And I do think a lot of government (and applied academic) ecologists are critical of some of the methods being used for these things, and trying to develop alternatives. For example, you can see USGS wildlife biologists pushing back against the ubiquity of Maxent and offering a maximum likelihood alternative for presence-only scenarios:
Similarly, there was another Maxent-related fight between USGS biologists concerned over the potential spread of invasive pythons in the southeastern United States and the pet trade/other academics who disagreed with them. The USGS invasive snake crew argued that pythons would establish throughout much of the southeastern United States, a conclusion with implications not only for management (control) but an outright ban on import and trade – going back to one of Jeremy’s recent posts, this is making a bet on your forecast! But it’s not a friendly bet between ecologists; it’s a bet with an industry or a stakeholder group’s money or livelihood that something they’re doing carries unacceptable ecological risk. So you shouldn’t be surprised when they push back! Which happened when another academic published the Maxent version of the python distribution with the typical 19 WorldClim layers and produced a much reduced prediction of its potential US range (i.e., south Florida). Which led the USGS biologists to then outline a long list of grievances with Maxent that you’d likely agree with:
Anyway, I absolutely think there’s an important place for fundamental ecology to inform and improve these kind of applied predictions – but I don’t know that Peter agrees in his original post. Or at least, the argument there seems to be that promising forecasts with applications in an NSF grant is a little disingenuous, and that what applied ecologists need is reliable, context-dependent prediction independent of mechanism or complex ecological insight (and that sounds an awful lot like Maxent to me). That’s not sexy enough for an NSF grant; I’m just offering the consolation that if it’s the kind of work you’re interested in, there are plenty of avenues willing to fund it. A final lingering question (and one I think Jeremy and Peter touch on below, although I’ve just skimmed it) is how much these kind of predictions (above) are really needed or implemented by managers, but I’ve taken up more than enough of your (and my) time here.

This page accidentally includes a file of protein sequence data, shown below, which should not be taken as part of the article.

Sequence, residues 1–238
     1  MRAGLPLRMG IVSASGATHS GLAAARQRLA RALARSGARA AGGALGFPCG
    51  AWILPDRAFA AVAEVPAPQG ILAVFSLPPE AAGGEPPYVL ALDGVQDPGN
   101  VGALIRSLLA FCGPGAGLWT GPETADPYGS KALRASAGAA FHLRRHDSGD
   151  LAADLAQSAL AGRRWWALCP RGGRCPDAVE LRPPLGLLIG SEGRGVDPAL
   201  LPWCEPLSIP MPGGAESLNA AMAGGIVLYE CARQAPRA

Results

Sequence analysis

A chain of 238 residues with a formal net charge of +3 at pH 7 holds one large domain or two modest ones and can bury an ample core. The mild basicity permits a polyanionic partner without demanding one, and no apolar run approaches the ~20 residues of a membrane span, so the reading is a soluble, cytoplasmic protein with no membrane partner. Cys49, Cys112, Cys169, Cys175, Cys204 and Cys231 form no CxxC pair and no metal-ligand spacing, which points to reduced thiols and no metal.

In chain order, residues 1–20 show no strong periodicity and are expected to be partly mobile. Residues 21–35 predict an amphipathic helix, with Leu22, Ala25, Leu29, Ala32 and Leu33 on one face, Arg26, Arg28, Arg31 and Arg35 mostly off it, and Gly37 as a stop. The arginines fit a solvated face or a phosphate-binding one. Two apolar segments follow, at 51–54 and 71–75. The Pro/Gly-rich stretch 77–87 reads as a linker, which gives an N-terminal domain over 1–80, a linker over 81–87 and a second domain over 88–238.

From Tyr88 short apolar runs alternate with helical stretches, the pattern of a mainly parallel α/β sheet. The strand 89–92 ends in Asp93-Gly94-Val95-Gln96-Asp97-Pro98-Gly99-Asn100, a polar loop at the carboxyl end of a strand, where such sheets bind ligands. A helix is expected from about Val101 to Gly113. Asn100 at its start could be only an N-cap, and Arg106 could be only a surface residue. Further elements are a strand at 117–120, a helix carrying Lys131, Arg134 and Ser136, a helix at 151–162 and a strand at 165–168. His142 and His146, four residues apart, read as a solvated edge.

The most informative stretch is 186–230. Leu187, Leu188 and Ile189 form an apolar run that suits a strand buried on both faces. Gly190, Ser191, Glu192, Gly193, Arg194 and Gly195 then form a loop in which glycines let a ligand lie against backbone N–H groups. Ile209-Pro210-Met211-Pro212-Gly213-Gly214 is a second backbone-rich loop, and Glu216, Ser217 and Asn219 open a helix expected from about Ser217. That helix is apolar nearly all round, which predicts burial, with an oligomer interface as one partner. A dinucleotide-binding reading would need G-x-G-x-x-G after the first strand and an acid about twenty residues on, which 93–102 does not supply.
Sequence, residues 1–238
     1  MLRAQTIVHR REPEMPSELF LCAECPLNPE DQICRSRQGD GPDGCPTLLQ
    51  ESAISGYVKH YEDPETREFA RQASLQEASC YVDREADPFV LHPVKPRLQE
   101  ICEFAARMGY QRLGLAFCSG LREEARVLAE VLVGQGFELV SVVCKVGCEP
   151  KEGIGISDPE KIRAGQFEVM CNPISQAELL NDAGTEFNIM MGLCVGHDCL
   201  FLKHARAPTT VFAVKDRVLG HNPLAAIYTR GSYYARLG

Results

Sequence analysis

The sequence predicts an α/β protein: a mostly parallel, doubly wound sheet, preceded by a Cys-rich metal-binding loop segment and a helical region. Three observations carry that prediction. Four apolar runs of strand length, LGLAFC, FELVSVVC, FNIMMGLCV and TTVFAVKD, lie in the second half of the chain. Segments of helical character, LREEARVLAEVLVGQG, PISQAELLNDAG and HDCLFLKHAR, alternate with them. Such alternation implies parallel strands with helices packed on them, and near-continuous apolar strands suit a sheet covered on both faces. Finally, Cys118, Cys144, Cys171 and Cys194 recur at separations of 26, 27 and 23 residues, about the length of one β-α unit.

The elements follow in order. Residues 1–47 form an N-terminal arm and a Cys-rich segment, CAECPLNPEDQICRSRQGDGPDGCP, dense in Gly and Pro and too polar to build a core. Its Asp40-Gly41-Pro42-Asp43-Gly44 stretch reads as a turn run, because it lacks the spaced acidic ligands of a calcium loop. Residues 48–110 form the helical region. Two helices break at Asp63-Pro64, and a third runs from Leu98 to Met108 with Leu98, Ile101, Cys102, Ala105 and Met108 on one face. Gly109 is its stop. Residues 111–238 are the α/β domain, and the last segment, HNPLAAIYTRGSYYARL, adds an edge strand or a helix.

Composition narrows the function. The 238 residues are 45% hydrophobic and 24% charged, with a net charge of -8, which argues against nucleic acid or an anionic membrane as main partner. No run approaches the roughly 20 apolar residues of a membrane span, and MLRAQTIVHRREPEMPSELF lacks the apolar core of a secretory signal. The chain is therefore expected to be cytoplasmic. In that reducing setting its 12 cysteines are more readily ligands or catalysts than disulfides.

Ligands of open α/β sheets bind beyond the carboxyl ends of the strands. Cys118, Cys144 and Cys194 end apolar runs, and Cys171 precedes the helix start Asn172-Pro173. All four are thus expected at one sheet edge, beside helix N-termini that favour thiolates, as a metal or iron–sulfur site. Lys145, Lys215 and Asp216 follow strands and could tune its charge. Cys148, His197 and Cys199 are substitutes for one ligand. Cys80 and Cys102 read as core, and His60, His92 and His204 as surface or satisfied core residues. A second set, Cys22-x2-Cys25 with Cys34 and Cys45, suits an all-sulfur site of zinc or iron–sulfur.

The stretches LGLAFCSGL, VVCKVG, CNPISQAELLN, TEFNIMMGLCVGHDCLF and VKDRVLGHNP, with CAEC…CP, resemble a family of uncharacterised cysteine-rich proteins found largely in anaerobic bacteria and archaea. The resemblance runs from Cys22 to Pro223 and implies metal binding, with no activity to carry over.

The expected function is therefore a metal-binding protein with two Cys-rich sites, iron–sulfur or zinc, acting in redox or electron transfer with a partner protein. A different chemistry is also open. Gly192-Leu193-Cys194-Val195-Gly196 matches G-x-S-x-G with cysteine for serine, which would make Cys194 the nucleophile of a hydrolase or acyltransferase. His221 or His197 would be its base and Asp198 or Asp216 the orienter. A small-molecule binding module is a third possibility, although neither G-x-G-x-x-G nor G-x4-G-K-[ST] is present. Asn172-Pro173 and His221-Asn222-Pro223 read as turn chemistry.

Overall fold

Question for Don and Brian (and anyone else who cares to chime in): do you see “fundamental” or “basic” research as the same as “mechanistic” research? I do think Don’s point–that we often need mechanistic models in order to make good quantitative predictions–is well taken. Particularly in a non-stationary world (non-stationarity being an issue Peter raised in the comments). But my own view, and I think Peter’s view as well (Peter, correct me if I’m wrong!), is that “fundamental” (aka “basic”, “question-driven”, or “conceptual”) research isn’t necessarily mechanistic. For instance, much of Peter’s own work on coexistence mechanisms can be seen as quite phenomenological–just estimating species’ average rates of increase when rare, or what those rates would be in a constant environment, without worrying (at least in the first instance) about the underlying mechanisms that determine those rates. Don and Brian, it seems like the sort of “basic” research that you see (rightly) as being helpful for prediction is actually the sort of “fill in the mechanistic details” stuff that, as Peter notes, NSF panels tend to find boring. Whereas the sort of conceptually-motivated work that folks like Peter (and me!) do tends not to be that relevant for forecasting purposes, whether or not it happens to be mechanistic.
Aside: perhaps worth noting that my old post on “why do fundamental research” doesn’t list “to improve forecasting” among the answers. Although I do suggest that fundamental research has applications…
Jeremy, I agree: Not all mechanisms of conceptual interest are necessary for forecasting, and not all mechanisms (or at least not all the details) necessary for forecasting are of conceptual interest. A few years ago, I was optimistic that one carefully parameterized empirical model could be used to answer all sorts of questions, basic and applied. Lately I’ve been realizing that every question might require its own specific model, if you really want to do it right.
So, I would agree that basic research does not need to be mechanistic. I would also agree that many of the population dynamics/density dependence is a curve fit to the data or a carrying capacity fit to the data is phenomenological, but I know many people who would call that mechanistic.
What I don’t see is that the kind of basic research that is helpful towards prediction is not conceptual. Peter’s work being a good example (and yours as well Jeremy). Maybe the only divide I can see is I would be really interested in the variance partitioning or the meta analysis that asks how commonly the conceptual factor is important or how much variance it explains and would still call this basic research but you might not be. But to me the conceptual approach cannot stop just at “this processes” exists – it has to try and go down the road of “this process is important”. It might be an interesting question whether NSF cares about this step or not, but certainly NCEAS and top journals care about this step so I think it is within the sphere of basic ecology.
Worth noting a comment from Steve Ellner in an interview from last year, on what the most important question in ecology is–and how ecologists’ answers to that question are mostly bulls–t: